Much like the three days before it, Dec. 6, 2014, dawned cloudy and wet in Louisville. Before it was over, nearly 2 inches of rain would fall. To say that running conditions at E.P. “Tom” Sawyer State Park were sloppy would be like saying Dr. Margaret Mahoney has taught at Bellarmine for a while – a vast understatement. The course was so sodden, in fact, that officials with the 2014 NCAA Division II Cross Country Championships shortened the planned 6K to 5.78K.
As she slogged toward the finish line, Bellarmine senior Emily Frith was spattered with mud from her red hair to her soggy size 8 ½ Saucony spikes.
“It was tough – the hardest race of my life,” she said. “But it was also special. That was my last race as a Bellarmine University runner for the cross country team. My whole team came out to support me. I was very emotional before the race, and all these emotions and memories were hitting me through the course, but it turned out great.”
Her fourth-place, 21:16.7 finish was more than great: It was record-setting, the best finish at the Championships in Bellarmine cross country history. The outing also secured her a second All-America honor, following a 31st-place finish at Nationals in 2012.
“It couldn’t have been more perfect,” she said.
Emily’s entire Bellarmine career could hardly have been more perfect. Among her other running honors: back-to-back first-place finishes and Runner of the Year honors at the Great Lakes Valley Conference Championships in 2013 and 2014; runner-up in the 2014 Midwest Regional, where she also set the Bellarmine record for the 6K; and a gold finish in the 2014 Greater Louisville Classic, where she broke the BU record for the 5K.
She didn’t leave that drive for excellence on the course. The Crab Orchard, Ky., exercise science major was also an Academic All-American and GLVC Scholar-Athlete of the Year both this year and last. Her cumulative GPA of 3.99 fell just short of perfection because of an A-minus in philosophy her freshman year. Rather than be bitter about it, she is, well, philosophical: “I did not pay attention as much as I should have.”
Always athletic, Emily played soccer from age 10 through high school. But it was running, which she began in seventh grade, where she really found her stride. “I like the personal satisfaction of doing well. ‘Runner’s high’ is definitely a real thing,” she said. “Running has taught me about life, about trying really hard. Sometimes it hurts so bad, and you want to give up, but you have to hang in there.”
Bellarmine was on her college short list for its exercise science program. “But also, Coach [Kris] Horton came and watched me at a meet that I did really badly in, and he still wanted me,” she said. “That meant a lot to me – that he saw something in me.”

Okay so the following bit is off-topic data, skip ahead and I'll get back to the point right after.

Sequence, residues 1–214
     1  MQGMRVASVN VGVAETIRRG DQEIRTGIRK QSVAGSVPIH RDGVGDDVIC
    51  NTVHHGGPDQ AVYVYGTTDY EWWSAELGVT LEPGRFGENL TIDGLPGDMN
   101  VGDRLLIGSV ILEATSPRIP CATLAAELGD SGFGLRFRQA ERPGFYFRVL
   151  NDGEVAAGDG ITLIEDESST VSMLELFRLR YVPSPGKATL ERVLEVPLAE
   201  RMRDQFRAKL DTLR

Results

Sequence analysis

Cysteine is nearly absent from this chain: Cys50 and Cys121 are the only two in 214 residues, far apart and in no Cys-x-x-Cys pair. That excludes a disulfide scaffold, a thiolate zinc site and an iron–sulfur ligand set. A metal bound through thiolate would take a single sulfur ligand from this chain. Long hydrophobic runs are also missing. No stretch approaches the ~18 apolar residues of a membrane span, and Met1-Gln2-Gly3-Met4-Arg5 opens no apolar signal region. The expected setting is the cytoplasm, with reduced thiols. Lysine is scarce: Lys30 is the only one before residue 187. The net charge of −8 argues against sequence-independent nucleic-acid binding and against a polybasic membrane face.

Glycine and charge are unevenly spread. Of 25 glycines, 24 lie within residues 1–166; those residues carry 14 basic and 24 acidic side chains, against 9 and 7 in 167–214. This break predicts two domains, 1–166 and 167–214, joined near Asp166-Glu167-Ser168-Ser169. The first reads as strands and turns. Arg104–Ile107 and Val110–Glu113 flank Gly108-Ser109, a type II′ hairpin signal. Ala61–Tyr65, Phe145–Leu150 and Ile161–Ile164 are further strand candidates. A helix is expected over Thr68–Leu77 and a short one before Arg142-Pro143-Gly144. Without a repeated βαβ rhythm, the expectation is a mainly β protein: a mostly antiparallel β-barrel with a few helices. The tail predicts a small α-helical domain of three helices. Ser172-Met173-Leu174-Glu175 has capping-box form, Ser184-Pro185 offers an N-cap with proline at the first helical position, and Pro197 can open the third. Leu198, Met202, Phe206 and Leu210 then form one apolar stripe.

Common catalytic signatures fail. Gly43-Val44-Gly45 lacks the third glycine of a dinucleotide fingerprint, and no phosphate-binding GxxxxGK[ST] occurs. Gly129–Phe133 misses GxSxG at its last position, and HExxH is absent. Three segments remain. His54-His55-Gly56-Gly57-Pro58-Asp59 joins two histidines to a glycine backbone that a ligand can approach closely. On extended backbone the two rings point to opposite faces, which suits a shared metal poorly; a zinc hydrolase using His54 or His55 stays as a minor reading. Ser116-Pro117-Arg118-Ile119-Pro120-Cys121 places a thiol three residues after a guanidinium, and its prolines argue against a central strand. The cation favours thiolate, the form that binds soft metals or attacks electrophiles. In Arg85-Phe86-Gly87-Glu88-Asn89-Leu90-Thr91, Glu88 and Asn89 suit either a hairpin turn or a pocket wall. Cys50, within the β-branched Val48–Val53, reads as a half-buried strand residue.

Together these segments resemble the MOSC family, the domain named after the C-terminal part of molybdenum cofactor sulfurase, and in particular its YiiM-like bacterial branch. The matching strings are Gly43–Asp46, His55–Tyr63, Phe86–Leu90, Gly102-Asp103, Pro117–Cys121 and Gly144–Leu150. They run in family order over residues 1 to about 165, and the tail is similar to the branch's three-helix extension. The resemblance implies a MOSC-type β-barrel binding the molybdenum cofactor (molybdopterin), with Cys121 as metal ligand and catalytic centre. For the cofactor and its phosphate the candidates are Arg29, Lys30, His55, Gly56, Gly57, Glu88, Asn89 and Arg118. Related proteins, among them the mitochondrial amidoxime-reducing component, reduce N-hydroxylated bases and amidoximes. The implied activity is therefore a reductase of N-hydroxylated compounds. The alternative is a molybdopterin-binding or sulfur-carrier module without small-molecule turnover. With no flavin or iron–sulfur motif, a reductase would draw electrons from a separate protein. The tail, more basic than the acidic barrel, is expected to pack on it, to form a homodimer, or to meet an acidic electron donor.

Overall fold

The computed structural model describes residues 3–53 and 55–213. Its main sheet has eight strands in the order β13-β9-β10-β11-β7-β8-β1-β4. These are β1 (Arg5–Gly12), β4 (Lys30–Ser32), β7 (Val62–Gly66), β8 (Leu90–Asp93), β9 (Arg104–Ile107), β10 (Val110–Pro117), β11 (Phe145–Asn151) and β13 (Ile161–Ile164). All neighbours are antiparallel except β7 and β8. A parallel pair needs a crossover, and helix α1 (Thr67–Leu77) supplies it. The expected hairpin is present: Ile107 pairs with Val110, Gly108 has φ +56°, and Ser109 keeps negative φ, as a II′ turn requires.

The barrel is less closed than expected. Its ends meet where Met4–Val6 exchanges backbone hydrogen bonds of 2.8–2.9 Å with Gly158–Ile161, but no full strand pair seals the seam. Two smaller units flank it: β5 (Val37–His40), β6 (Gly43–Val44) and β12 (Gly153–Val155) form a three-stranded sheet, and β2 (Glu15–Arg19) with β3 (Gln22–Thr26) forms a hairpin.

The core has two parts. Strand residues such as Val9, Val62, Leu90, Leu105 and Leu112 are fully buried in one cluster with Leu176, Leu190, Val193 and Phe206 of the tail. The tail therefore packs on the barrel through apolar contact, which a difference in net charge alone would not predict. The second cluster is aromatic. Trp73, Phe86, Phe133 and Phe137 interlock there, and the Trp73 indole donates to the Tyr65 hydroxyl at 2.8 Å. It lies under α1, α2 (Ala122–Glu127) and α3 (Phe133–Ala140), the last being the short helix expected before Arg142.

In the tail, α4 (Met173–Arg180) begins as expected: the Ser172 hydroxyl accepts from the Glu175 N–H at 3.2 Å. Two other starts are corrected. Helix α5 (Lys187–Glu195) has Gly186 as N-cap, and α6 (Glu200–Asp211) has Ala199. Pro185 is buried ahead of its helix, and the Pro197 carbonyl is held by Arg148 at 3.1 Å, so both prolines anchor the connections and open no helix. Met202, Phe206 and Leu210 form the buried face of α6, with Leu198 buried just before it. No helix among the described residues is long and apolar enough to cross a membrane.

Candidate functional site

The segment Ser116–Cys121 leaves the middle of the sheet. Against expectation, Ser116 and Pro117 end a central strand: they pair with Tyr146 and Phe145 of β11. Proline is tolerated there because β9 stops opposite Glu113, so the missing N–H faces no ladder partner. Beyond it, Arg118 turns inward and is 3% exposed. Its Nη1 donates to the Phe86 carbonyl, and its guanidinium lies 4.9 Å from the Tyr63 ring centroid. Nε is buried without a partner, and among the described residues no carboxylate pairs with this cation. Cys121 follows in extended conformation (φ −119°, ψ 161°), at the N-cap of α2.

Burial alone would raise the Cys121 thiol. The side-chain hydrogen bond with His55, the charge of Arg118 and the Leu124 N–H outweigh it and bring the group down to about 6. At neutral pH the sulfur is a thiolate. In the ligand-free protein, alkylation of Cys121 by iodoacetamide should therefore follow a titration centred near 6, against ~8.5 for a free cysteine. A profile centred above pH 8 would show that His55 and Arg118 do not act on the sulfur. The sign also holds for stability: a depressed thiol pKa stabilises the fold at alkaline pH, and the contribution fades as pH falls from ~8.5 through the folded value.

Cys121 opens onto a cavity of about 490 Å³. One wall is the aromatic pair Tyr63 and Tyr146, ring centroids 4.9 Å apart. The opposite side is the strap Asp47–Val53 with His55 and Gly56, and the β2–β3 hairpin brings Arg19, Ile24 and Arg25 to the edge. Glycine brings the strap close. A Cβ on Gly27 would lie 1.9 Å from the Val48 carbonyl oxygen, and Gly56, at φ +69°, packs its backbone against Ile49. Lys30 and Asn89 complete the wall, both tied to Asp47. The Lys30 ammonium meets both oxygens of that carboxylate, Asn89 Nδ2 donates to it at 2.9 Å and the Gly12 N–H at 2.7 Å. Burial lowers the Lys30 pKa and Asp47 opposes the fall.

Emily actually didn’t do that badly in that high school race, Coach Horton said. “She just didn’t do as well as she wanted to. I could see her competitive nature. It mattered to her to improve and keep improving. Those are the types of athletes who have the most success in our program: They have the drive and the determination to put in the work to get to the next level.”
By the end of her freshman year, Emily was one of the team’s top runners, capturing GLVC “Freshman of the Year” honors. “She had one of those years that in 16 years of coaching I don’t think I’ve seen more than one time: a personal best almost every race,” Coach Horton said. Yet she remained a humble and gracious teammate, he said, and maintained a good balance between running and studying. “Competing for those A’s was almost as important as competing for a win on the weekend.”
Her biggest challenge was a heartbreaking foot injury just two days before the 2013 NCAA Midwest Regional Championships. A shoo-in to finish in the Top 10, she instead limped through the race to help the team and finished 25th. “It put things in perspective for her,” Coach Horton said. “You hate to see any athlete go through that. But she bounced back very well. It was a testament to her strength.”
“I had to prove to myself and my coach and teammates that while bad things happen – nobody will do four years of this and not get hurt; we aren’t robots – you can come back and make it through injuries,” she said.
Emily heads next to the University of Kentucky, where she will enter the master’s program in kinesiology and health promotion and spend her last semester of eligibility in outdoor track. She hasn’t decided on a profession yet. “I just want to feel things out for the first year. I want to find a job that I am really passionate about.”
No matter where her career path leads, she is sure about one thing: She will always be passionate about running. “I feel closer to God when I’m running than at any other time.”
Carla Carlton | email@example.com